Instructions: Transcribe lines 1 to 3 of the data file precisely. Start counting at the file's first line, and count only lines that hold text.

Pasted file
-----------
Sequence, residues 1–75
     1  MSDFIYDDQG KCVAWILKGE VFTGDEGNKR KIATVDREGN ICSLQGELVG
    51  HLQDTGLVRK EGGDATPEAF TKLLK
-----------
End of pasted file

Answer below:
Sequence, residues 1–75
     1  MSDFIYDDQG KCVAWILKGE VFTGDEGNKR KIATVDREGN ICSLQGELVG
    51  HLQDTGLVRK EGGDATPEAF TKLLK